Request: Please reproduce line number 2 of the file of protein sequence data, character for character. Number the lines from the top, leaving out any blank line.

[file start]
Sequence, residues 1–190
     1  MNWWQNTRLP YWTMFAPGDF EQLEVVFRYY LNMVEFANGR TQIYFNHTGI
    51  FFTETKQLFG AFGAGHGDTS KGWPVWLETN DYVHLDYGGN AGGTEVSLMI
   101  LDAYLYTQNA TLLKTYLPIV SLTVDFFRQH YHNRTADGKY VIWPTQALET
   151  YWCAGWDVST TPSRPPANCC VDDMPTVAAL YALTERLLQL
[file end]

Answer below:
     1  MNWWQNTRLP YWTMFAPGDF EQLEVVFRYY LNMVEFANGR TQIYFNHTGI